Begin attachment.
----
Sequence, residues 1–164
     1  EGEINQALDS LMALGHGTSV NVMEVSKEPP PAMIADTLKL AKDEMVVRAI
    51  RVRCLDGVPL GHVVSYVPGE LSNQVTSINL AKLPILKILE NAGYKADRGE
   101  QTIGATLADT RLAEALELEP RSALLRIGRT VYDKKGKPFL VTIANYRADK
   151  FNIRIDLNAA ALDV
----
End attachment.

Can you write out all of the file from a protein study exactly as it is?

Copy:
Sequence, residues 1–164
     1  EGEINQALDS LMALGHGTSV NVMEVSKEPP PAMIADTLKL AKDEMVVRAI
    51  RVRCLDGVPL GHVVSYVPGE LSNQVTSINL AKLPILKILE NAGYKADRGE
   101  QTIGATLADT RLAEALELEP RSALLRIGRT VYDKKGKPFL VTIANYRADK
   151  FNIRIDLNAA ALDV